After Z-Day – Part I – Chapter IX

Chapter Nine

Location: Waltham Forest, London
Date: 12 October 2016

I slept, all in all, for maybe thirty minutes that night. By the time I got back to the flat, it was gone two, but Naomi was still awake, had waited up for me. I knew she didn’t like Lucy that much, but still, she sat with me when I cried, hugged me and offered to sit with my phone while I got some rest.

At four, I told her to go to bed. She went but kept her door open a crack and I knew it was in case anything happened, in case I did anything stupid. I couldn’t blame her for that—I wasn’t in a great frame of mind for doing sensible things.

At five, I turned in. Well, I lay on my bed and stared at my phone but every time my eyes closed, I could only think of Lucy. Where could she be? If she’d been attacked like those girls, then, had they dragged her off somewhere? Had she been taken somewhere because of something I’d done? Because of something Jake had done?

Hell, because of something she’d done?

At six-thirty, I gave up. My phone was fully charged again so I jumped in a cold shower and dressed, pulling my hair out of my face.

Naomi came out of her room, yawning, just as I picked up my keys.

“You gonna look for her?”

I nodded. “Me and Jake. We said we’d go to the park when it was light, but—” Daylight was only an hour away now, anyway, and I could send Jake a text—if he’d managed to get any sleep, hopefully it wouldn’t wake him.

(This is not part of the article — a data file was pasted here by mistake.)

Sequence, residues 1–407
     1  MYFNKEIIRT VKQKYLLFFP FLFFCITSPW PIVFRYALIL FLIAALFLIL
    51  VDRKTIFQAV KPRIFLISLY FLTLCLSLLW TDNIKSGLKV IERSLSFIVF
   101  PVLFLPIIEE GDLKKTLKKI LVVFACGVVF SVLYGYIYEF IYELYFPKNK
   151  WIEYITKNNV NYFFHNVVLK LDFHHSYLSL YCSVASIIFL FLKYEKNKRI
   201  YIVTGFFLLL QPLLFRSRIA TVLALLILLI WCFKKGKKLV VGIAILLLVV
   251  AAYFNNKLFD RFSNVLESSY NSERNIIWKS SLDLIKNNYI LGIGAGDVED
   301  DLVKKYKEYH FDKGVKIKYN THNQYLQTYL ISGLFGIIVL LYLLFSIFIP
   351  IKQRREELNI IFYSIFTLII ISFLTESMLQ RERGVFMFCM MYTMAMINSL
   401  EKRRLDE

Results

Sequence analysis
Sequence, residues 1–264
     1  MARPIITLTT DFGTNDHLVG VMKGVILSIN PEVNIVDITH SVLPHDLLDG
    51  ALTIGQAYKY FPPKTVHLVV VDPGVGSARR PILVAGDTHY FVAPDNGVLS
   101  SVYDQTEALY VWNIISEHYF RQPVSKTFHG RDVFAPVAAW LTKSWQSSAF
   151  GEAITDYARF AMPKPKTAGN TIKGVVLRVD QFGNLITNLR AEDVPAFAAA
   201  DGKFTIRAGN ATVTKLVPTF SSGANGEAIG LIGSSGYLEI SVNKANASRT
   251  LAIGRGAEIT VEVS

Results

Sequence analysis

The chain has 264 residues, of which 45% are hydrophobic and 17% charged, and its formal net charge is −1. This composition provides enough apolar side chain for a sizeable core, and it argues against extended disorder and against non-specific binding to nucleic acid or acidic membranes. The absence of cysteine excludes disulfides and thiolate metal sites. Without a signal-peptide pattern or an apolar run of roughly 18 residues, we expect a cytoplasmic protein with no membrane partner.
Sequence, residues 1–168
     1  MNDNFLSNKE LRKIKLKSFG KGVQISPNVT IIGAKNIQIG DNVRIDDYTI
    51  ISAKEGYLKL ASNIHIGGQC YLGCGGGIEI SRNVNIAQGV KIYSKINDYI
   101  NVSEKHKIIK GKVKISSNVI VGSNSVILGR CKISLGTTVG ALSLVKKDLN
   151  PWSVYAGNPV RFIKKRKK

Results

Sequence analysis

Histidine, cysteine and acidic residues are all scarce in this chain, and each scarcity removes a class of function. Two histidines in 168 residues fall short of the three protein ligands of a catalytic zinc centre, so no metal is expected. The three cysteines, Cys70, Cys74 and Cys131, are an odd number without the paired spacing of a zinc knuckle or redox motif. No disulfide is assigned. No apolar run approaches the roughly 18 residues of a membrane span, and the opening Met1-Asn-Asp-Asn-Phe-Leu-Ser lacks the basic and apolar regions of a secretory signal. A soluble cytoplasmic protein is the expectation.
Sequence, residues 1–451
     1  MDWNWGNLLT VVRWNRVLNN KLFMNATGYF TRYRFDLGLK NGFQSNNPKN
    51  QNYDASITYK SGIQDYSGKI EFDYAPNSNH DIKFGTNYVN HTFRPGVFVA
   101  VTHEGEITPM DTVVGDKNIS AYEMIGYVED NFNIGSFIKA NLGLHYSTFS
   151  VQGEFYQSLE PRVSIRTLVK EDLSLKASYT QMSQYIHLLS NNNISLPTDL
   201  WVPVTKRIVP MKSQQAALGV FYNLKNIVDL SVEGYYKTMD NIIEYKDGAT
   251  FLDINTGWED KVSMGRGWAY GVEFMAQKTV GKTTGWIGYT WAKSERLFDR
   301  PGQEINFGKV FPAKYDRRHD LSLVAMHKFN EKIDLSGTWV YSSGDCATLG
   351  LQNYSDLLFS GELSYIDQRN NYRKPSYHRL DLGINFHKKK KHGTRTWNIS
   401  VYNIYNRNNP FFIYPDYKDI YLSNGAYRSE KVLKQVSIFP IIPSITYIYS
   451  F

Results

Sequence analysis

“I hope you find her,” Naomi said. “I’ve already let people know. Rang around last night. No one’s seen her yet, but I’ll let you know if they do.”

“Thank you,” I said and, on impulse, hugged her. She squeezed me tight and sighed.

“I do hope she’s okay. I really don’t like her boyfriend, but he doesn’t deserve this, either.”

I nodded. “I’ll be back later. Call me if you—”

“You too.”

I left the flat, walking out onto the cold street. I had to hope. She would be there, somewhere. She would be alive, somewhere. She would be alright.

She was alright.


I text Jake on the bus and he answered immediately—I’d bet anything he hadn’t slept, either—agreeing to meet me at the bus stop. When I saw him, I knew he’d heard nothing. He still wore the same expression he had the night before, a kind of pinched look, and I wrapped my arms around myself.

“You hear anything?” he asked me. He’d asked in the text he’d sent twenty minutes before, but my answer was still the same.

“Nothing yet.”

“C’mon then,” he said, expression shuttering and I knew then, this was combat Jake. He had to compartmentalise his emotions, had to be able to carry on in even the worst conditions—and I knew, rationally, that that couldn’t always be healthy, but all I wanted now was to be able to do the same thing.

We reached the park as the sun was beginning to rise and I realised, then, how dumb it had been to run here the night before. There wasn’t a chance I’d have found anything.

The gate was still locked, so I climbed over it, Jake following close behind. We walked through the park silently, almost like we were both holding our breath, hoping to see her.

Nothing stood out.

I wandered off the path and started looking near the trees. I didn’t know her route; hell, I doubted she even had one. This had been her first run in… how long? Long enough that it wouldn’t be set in stone, wouldn’t help us here.